Thursday, July 31, 2014


Except for the first couple of weeks of June while we finish up spring migration monitoring, our visits to the mist nets in summer consist of going out once/week to monitor the breeding birds of our area. Spring migration monitoring finished up on 12 June with 323 birds of 41 species. It wasn't a great spring season, most likely due to the windy, cold weather conditions. Numerous easterly winds pushed the migrating birds inland.

We banded our first baby bird of the season on 2 June, a Northern Cardinal. We were unable to sex it at this point while it was still in full juvenal plumage. Young cardinals have very brown bills that will slowly turn to orange as the fall progresses. This bird was quickly processed and returned to his parents straight away.

The 6th was a very quiet day, not many birds on the move, with only 16 birds handled and out of those 7 newly banded. The highlight of the day was this SY (second year) female Black-throated Blue Warbler, our latest ever for spring migration at this site. 

The 8th was a replay, very quiet, but it was nice to recapture an old gal who is at least 6 years old, we first captured her as an adult in 2009. Her dark mask is a sign of her older age!

Seemingly out of nowhere, bobwhites were heard in the fields, we hadn't heard them before or after the 8th.  We even caught one! They really are beautiful birds. I took measurements and pictures just as I would do on our 'normal' birds but we aren't not allowed to band them so she was released.

On the 12th, our last day for spring monitoring, we banded a SY femaleYellow-shafted Flicker with one red primary, probably diet related as that feather was growing in and not considered an intergrade from a parent mating with a Red-shafted Flicker.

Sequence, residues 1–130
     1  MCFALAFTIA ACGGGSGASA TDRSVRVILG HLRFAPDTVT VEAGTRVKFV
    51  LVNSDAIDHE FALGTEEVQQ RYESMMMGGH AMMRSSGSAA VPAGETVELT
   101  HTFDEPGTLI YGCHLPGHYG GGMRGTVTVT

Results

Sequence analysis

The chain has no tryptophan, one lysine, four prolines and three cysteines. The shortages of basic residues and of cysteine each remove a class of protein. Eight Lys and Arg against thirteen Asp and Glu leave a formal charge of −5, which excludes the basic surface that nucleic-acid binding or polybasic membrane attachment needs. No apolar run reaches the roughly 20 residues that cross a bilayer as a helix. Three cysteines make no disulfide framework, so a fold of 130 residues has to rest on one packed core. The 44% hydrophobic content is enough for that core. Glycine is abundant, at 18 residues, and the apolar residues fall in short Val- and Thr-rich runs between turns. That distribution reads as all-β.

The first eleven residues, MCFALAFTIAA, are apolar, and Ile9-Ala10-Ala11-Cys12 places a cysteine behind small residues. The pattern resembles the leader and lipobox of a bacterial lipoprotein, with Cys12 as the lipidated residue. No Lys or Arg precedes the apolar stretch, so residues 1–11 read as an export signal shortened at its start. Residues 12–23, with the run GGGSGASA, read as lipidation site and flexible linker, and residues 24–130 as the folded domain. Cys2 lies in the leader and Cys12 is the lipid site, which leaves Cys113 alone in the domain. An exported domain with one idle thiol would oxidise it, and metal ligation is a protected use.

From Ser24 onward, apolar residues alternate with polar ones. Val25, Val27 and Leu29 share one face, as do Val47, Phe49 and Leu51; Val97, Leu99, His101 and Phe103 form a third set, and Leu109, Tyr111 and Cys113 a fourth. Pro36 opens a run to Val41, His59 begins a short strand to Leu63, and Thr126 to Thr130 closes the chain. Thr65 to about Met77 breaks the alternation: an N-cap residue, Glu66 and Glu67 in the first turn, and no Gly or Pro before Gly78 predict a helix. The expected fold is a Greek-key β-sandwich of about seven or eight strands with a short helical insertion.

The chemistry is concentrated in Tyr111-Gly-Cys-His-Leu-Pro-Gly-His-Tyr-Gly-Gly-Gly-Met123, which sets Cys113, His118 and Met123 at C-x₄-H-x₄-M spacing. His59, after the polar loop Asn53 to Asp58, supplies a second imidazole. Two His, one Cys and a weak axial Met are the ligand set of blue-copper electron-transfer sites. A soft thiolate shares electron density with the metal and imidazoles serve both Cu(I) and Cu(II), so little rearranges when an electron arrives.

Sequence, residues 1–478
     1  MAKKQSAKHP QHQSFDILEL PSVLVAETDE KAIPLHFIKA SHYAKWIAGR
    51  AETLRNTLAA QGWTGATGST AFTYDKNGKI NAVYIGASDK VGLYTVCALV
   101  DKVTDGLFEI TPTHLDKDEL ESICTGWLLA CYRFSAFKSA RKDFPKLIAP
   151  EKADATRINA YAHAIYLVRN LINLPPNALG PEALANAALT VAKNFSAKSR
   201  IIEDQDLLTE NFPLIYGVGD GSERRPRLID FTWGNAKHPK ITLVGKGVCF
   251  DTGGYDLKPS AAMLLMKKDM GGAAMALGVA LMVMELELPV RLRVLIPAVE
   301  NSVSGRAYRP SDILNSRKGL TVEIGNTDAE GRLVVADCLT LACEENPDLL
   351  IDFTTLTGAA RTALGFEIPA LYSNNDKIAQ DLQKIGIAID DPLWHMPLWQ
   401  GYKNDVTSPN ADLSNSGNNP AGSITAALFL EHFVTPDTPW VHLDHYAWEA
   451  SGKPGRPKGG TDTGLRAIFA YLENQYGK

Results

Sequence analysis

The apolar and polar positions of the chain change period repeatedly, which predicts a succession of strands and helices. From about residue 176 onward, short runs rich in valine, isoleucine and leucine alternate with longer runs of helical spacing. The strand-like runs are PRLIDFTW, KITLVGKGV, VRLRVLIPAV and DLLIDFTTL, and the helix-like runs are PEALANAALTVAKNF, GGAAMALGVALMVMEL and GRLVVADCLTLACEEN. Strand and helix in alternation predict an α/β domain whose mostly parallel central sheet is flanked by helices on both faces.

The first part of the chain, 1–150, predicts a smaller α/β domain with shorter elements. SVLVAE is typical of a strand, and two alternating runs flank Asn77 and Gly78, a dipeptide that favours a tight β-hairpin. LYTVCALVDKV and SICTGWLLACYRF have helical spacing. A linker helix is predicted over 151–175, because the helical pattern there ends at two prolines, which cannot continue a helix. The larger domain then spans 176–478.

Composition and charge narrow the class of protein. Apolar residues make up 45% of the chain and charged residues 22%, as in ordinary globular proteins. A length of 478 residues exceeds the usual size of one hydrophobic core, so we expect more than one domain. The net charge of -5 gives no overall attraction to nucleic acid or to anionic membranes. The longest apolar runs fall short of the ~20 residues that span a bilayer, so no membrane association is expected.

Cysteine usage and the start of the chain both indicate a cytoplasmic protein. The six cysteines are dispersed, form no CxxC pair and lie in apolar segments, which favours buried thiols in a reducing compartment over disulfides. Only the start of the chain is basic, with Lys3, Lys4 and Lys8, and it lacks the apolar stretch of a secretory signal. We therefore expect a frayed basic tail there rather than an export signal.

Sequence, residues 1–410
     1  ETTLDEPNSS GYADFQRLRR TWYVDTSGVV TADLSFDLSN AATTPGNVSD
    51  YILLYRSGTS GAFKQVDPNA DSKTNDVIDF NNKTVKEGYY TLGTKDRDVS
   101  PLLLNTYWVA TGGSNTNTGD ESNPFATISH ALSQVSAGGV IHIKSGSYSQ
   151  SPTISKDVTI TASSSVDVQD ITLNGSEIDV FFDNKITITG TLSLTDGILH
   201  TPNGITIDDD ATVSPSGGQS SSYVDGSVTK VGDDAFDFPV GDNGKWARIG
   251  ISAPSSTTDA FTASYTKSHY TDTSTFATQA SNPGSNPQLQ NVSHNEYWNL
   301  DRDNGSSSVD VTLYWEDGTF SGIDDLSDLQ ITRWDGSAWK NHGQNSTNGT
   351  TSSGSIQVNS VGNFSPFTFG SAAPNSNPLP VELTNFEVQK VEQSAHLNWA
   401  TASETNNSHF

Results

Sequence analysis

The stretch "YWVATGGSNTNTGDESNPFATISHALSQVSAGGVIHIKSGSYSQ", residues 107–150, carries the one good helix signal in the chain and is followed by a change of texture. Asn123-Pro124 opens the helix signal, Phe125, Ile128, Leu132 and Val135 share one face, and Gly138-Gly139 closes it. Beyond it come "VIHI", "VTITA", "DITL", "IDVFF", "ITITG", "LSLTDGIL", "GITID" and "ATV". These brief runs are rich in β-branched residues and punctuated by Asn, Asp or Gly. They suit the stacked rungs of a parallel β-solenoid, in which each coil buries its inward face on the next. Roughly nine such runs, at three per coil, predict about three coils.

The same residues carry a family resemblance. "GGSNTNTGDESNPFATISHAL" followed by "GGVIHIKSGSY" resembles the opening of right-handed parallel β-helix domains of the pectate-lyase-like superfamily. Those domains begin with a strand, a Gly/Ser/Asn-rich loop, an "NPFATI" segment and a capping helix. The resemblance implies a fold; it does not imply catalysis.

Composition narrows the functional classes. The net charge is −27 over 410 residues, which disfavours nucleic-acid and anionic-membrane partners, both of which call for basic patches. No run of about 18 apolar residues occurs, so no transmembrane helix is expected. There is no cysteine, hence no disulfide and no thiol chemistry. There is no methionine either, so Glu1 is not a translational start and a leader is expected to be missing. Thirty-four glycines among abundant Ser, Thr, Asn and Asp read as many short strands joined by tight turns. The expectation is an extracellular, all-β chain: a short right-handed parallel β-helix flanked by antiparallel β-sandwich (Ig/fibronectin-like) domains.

Our numbers started improving on 21 June when we had our first baby chickadees, Carolina Wrens, House Finches, and best of all, a young Barn Swallow. Large flocks of Barn Swallows had been traveling over the salt marsh during the week so it wasn't a surprise to finally capture one. Their tail notches are short until they molt (most likely on their winter grounds).

Robins were noticeably absent in June but we started seeing and hearing them more frequently by the beginning of July. We banded our first for the year on the 7th, an adult male. 

The Brown Thrasher had to be the best bird of the day. This was our first thrasher captured in summer and she had a full brood patch so she must be nesting nearby. 

By 12 July the nets were hopping with birds with 92 handled including this young female Baltimore Oriole.

Our next two banding sessions were just as busy- 121 birds on the 19th including our first of the year House Wren (juvenile) 

and an early fall migrant- a HY (hatch year) Northern Waterthrush! 

We were slammed with birds on the 26th but thankfully had loads of help not only band and go on net runs, but also to return young birds back to the net areas where they were found. I'd rather err on the side of caution if a young bird is still dependent on the parents. This young Hairy Woodpecker was old enough though to go off on his own as he was already molting his primaries.

Productivity appears high this summer for numerous species with increased counts of  Yellow Warblers -25 (average is 7); Gray Catbirds -113 (average 68), and Song Sparrow- 46 (average 24).  

Many thanks to all those who helped out for June and July- Gretchen Putonen, Ron Kielb, Jo-Anna Ghadban, Claire Revekant, Judith Bruce, Lauren Johnson, Megan Nepshinsky, Corey Accardo, Yianni Laskaris, Becca Mattson, Dan, Pat Kemple, Kaiti Titherington, Kim Spiller, Tanya Lama, Kristen Johnson, and Katrina.

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